Fresh lemon juice adds a citrusy flavour. The acidity of lemon juice can sometimes diminish the effects of the baking powder. When extra baking powder is added alongside lemon juice the resulting cakes still rise well.
Lemon buttercream is a perfect partner for lemon cake. A lemon flavour cake also works really well with blueberry, raspberry, coconut or even chocolate flavour!
This cake is zingy, zesty and bursting with fresh lemon flavour. It isn't at all sour.
A cake with buttercream can be kept at room temperature in a cake tin. If you add fresh cream to decorate the cake it will need to be refrigerated.
Cake is at its best within 24 hours of baking and decorating. It will keep for 3-4 days in the refrigerator.
Lemon cake can be frozen for up to 3 months. Either wrap the whole cake in clingfilm or slice it and wrap the individual slices. To defrost, take the cake out of the freezer and allow to thoroughly defrost in the fridge.
Yes, it will make 16-18 large cupcakes.
Yes, you can but you will need to double the baking time. To turn it into a two-layer cake use a cake slicer to cut through the middle.
Absolutely! Here's a Sponge Cake Calculator that will calculate the ingredients for you and scale the recipe up or down depending on the size of your tin.
No, because it contains butter and eggs. However, it is suitable for vegetarians.
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- Courgette Cake
- Chocolate Sprinkle Cake
- Red Velvet Loaf Cake
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Easy Lemon Cake
This Lemon Cake is beautifully soft and is bursting with zingy lemon flavour. The two layers are filled and topped with lemon buttercream and fresh cream swirls.
- 225g (1 cup) unsalted butter, softened
- 225g (1 cup) caster sugar
- 4 medium eggs
- 225g (1.25 cups) self-raising flour
- 2 teaspoons baking powder
- zest of 2 lemons
- juice of 2 lemons
- Preheat the oven to 180ºc/160º fan/Gas 4/350ºF Grease and line two 8" (20cm) round loose-bottomed cake tins.
- Put the soft butter (225g) into a large mixing bowl, add the caster sugar (225g) and use a handheld electric mixer to cream together until light and fluffy.
- Add the eggs to the mixing bowl, one at a time, beating well after each addition.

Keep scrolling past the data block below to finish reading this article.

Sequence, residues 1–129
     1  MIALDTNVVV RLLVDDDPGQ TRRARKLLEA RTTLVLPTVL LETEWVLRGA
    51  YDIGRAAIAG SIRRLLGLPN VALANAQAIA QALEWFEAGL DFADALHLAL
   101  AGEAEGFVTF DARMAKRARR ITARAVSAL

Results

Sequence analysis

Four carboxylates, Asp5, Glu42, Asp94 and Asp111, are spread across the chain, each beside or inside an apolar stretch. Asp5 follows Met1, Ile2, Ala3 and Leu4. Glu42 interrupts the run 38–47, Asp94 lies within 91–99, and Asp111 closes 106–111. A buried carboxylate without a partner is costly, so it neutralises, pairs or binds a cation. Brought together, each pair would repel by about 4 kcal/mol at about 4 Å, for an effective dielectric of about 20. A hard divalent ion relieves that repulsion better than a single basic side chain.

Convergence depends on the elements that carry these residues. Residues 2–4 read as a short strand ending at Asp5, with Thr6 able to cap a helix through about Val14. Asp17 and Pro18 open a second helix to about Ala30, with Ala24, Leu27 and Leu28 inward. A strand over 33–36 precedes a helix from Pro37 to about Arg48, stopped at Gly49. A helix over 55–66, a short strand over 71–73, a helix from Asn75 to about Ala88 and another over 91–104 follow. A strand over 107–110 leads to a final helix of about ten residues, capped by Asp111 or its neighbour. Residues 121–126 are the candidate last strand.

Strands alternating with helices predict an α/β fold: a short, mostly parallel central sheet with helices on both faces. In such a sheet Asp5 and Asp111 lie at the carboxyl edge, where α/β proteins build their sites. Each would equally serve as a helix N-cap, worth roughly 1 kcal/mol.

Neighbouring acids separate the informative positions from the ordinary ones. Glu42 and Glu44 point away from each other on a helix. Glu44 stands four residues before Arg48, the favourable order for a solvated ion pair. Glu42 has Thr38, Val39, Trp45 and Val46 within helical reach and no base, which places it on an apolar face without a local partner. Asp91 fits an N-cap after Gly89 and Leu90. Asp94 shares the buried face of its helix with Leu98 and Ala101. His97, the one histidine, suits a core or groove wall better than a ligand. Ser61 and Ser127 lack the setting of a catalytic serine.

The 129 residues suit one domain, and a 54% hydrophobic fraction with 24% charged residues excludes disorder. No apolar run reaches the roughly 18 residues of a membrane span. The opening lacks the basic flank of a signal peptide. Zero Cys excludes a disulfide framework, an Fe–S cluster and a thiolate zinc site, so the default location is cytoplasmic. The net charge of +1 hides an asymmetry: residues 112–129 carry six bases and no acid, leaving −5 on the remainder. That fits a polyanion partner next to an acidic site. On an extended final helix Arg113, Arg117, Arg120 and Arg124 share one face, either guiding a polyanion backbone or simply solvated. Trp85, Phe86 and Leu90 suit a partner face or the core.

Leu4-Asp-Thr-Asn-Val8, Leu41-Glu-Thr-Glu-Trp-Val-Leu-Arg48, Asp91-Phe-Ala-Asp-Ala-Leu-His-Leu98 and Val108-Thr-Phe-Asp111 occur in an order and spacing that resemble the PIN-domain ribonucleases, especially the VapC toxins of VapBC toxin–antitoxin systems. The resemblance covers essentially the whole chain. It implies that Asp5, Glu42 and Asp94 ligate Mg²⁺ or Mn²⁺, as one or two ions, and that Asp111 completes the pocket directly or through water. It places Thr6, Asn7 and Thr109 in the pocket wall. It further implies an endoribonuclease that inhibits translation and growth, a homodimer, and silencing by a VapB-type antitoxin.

- Place a sieve over the mixing bowl and sift in the flour (225g) and baking powder (2tsps).
- Use a large metal spoon to gently fold the ingredients together. Take care not to overmix.
- Add the grated lemon zest and lemon juice to the mixing bowl and gently fold through the cake batter.
- Divide the mixture evenly between the two tins. Smooth the top of the mixture with the back of a spoon and gently tap the cake tin on the work surface to release any air bubbles.
- Bake in the oven for 25 minutes. When baked, the cakes will shrink away from the sides of the tin slightly and will feel springy to the touch. Remove from the oven and leave to cool in the cake tins before turning out.
- When the cakes are cool, release them from the cake tins. Fill and decorate with lemon buttercream (recipe link in post and notes).
- The eggs should weigh close to 225g if you weigh them in their shells
- To get even layers you can weigh the cake mixture when you divide it into the cake tins. Mine weighed approx 425g each.
- See Lemon Buttercream recipe for filling and topping.
- To decorate, I whipped 300ml of double cream and piped swirls of it on top of the lemon cake using a large open star nozzle.
Nutrition Information:Yield: 12 Serving Size: 1 grams
Amount Per Serving: Calories: 295Total Fat: 17gSaturated Fat: 10gUnsaturated Fat: 0gCholesterol: 105mgSodium: 6mgCarbohydrates: 33gFiber: 1gSugar: 19gProtein: 3g
I've been looking for a lovely lemon cake recipe for ages! I've found it! My question is, could I possibly bake this in a 2lb loaf tin and use the buttercream icing for the top of the cake only? If so, would I need to adjust the buttercream ingredients.
Thank you Amy x